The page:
xkcd on Marie Curie as the token lady scientist

Today’s xkcd comic is about Marie Curie, Lise Meitner, and Emmy Noether:

Marie Curie

“Just remember that if you want to do this stuff, you’re not alone.”

Discuss.

Transcript below the fold, courtesy of Cheryl Trooskin-Zoller:

Panel 1: The protagonist, a stick figure with hair in a ponytail looks at a framed painting on the wall. “My teacher always told me that if I applied myself, I could become the next Marie Curie.” From offpanel: “You know, I wish they’d get over me.” Small panel, inset in the first panel; protagonist’s head whips around to face the other direction. “Zombie Marie Curie!”

Panel 2: The protagonist stick figure is joined by a second one, which trails dots behind her and has hair up in a bun. ZMC: “Not that I don’t deserve it. These two Nobels aren’t decorative. But I make a sorry role model if girls just see me over and over as the one token lady scientist.”

Panel 3: ZMC stick figure, head and shoulders, one “arm’ bent at the elbow as if the figure is pointing or gesticulating. ZMC: “Lise Meitner figure out that nuclear fission was happening, while her colleague Otto was staring blankly at their data in confusion, and proved Enrico Fermi wrong in the process. Enrico and Otto both got Nobel prizes. Lise got a National Women’s Press Club award. They finally named an element after her, but not until 60 years later.”

Panel 4: both stick figures, facing each other. ZMC: “Emmy Noether fought past her Victorian-era finishing-school upbringing, pursued mathematics by auditing classes, and, after finally getting a Ph.D, was permitted to teach only as an unpaid lecturer (often under male colleagues names).” Protagonist: “Was she as good as them?” ZMC:L “She revolutionaized abstract algebra, filled gaps in relativity, and found what some call the most beautiful, deepest resul tin theoretical physics.” Protagonist: “Oh.”

Panel 5: ZMC, head and shoulders: “But you don’t become great by trying to be great. You become great by wanting to do something, and then doing it so hard that you become great in the process.”

Panel 6: Both stick figures facing each other. ZMC: So don’t try to be the next me, Noether, or Meitner. Just remember that if you want to do this stuff, you’re not alone.” Protagonist: “Thanks.” ZMC: “Also, avoid radium. Turns out it kills you.” Protagonist: “I’ll try.”

23 thoughts on “xkcd on Marie Curie as the token lady scientist

  1. Valarissa

    For whatever reason, I always found the question “Who is your role model?” to be somewhat demeaning. When I was a child, I always just wanted to be the best at whatever it was that I was doing. I wanted to be me, not an amalgamation of other people, or a failed attempt at being one particular person. Perhaps this was an issue with my understanding of what a role model was, or perhaps it was something else.

    The point of that was that, I believe the comic makes a good point at the end, suggesting that you just do what you want to do, and not try to be someone else. However, I really don’t think it was the most inspirational piece because the predominant messages were that if you are a woman, someone else is going to take the credit for your work. Which, obviously, is problematic.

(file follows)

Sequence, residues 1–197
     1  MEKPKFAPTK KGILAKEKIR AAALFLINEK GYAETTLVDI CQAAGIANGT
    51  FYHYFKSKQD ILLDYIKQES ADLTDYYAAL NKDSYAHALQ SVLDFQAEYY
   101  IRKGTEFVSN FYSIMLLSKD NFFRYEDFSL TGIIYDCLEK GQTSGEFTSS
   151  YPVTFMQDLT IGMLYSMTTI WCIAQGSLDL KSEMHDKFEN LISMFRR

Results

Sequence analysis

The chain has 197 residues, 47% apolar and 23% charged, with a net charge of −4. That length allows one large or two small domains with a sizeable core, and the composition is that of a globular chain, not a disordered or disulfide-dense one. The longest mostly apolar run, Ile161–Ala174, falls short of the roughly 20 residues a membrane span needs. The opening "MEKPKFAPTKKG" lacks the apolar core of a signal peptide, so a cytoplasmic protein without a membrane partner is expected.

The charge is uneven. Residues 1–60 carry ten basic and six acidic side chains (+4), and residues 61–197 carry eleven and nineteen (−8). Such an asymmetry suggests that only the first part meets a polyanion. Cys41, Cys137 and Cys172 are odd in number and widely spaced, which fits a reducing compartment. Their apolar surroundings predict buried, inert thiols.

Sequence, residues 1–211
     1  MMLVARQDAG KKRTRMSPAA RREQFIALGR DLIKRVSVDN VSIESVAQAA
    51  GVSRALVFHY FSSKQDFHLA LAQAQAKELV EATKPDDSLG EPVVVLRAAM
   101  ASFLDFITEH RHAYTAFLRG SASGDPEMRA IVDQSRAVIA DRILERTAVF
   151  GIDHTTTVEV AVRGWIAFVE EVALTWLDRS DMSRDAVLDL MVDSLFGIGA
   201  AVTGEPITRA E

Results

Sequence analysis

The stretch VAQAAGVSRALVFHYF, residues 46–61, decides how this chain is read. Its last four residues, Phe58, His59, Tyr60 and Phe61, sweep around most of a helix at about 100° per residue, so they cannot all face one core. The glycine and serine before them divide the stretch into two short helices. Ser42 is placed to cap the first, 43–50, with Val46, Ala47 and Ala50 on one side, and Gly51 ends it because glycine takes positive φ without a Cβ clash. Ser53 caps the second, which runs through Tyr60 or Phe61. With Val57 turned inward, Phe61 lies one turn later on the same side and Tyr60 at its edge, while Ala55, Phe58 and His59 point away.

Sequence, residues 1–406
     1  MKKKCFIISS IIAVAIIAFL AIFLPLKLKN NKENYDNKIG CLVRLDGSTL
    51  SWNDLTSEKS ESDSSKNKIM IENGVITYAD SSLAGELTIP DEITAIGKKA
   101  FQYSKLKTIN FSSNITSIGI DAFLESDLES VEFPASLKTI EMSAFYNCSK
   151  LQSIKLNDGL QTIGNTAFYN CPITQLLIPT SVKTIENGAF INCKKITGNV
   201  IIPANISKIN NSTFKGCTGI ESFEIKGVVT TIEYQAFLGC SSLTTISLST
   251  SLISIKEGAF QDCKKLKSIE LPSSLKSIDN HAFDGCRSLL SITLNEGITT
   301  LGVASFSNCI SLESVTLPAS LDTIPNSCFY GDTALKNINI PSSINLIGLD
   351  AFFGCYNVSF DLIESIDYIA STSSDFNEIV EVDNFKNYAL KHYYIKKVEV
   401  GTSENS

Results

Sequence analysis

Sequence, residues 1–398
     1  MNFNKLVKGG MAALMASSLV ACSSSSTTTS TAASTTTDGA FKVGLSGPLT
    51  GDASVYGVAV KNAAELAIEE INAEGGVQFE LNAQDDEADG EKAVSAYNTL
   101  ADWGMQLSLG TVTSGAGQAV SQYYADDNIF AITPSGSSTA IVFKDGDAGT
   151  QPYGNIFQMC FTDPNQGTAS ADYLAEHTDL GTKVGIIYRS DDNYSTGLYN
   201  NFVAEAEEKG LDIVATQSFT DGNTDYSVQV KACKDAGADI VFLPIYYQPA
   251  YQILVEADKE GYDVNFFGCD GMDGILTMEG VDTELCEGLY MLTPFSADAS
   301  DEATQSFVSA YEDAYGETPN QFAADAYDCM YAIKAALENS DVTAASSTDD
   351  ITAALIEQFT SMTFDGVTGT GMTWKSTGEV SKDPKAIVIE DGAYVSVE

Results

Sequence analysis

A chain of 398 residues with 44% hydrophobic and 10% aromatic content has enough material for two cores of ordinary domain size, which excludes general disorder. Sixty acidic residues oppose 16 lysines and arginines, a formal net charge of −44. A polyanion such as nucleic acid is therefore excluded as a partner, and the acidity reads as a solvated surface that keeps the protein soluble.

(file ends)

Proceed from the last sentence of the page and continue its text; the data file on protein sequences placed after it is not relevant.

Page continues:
1. Beth

      But also what has happened, over and over again. Acknowledging it may, or might not be, the first step to unerasing those women’s role, but it can also arm us so that when we look at an area and there seem to be no women in it we can recognize that, almost guaranteed, it’s a lie. I have learned from hearing stories like these to always dig deeper and find the women and the people of color and the role they played creating the touted works of white men I was taught about in school.

  2. Jessamyn

    This reads like a really condensed version of The Madame Curie Complex. The book is great for an expansion along those lines, and I like the comic strip even though it’s too brief to say everything that can be said about this.

  3. Annalee

    I wonder if Randall reads Geek Feminism–maybe it just shows up on his Google Alerts when someone ’round here mentions him. There was a post a while ago praising an XKCD strip for passing Bechdel, and to me it seems like ever since then, Randall’s been making a concerted effort to include more women in his strips.

    It could have been a coincidence, and I haven’t actually gone through the strips and run a tally, but I’ve noticed an increase lately, and I think it’s awesome. Way to be an ally.

      1. makomk

        Yeah, pretty much. The associated IRC channel also follows XKCD #322 as far as possible, amongst other things, which is sadly more unusual than it ought to be…

      2. Annalee

        The GF post I was referring to was this one: http://geekfeminism.org/2010/06/11/quick-hit-xkcd-phobia-passes-bechdel-test/ in which Skud points out strip 752, and counts back 400 strips to the previous Bechdel-passer (though there’s discussion in the comments about whether or not another intervening strip counted).

        In the 144 strips since then, I count eight solid Bechdel passes (1.798 2. 813 3.816 4. 829 5. 865 6.872 7. 877 8. 896) and three Bechdel-maybes (1. 819: “thanks for the great night” momma joke, 2. 846: woman speaking to (but not with) Ke$ha about dentistry, and 3. 867 , in which one woman responds to another woman’s presentation. Personally, I’d call those Fail, Pass, and Pass, respectively).

        I agree that he does a good job including women in general, but I’ve also really appreciated the extra effort he seems to be making to include more Bechdel-passing strips. Since 48 strips passed between the GF shout-out and his next Bechdel-pass though, it might be a stretch for me to suggest GF inspired the increase.

        1. Restructure! Post author

          Thank you for the clarification. I initially misread your comment.

          (Although I’m always doubtful when people think Randall might be going inside their heads or spying on them/us. My first reaction was that I thought it was in response to the Curie-hating misogynist at Waterloo, but then the rational part of my mind reasoned that Marie Curie isn’t exactly an obscure topic.)

    1. Dorothea

      Well, overall lady-geek count in xkcd aside, is it coincidence that this strip appears not long after Madame Curie was GF’s Wednesday feature?

      I mean, I don’t know. I have no idea how far in advance Munroe does xkcds. But it does seem an interesting juxtaposition…

      1. Meg

        If not him in particular, Geek Feminism is definitely popular among the MIT crowd which I believe he frequents. So it is definitely in the air, as it were.

  4. Shani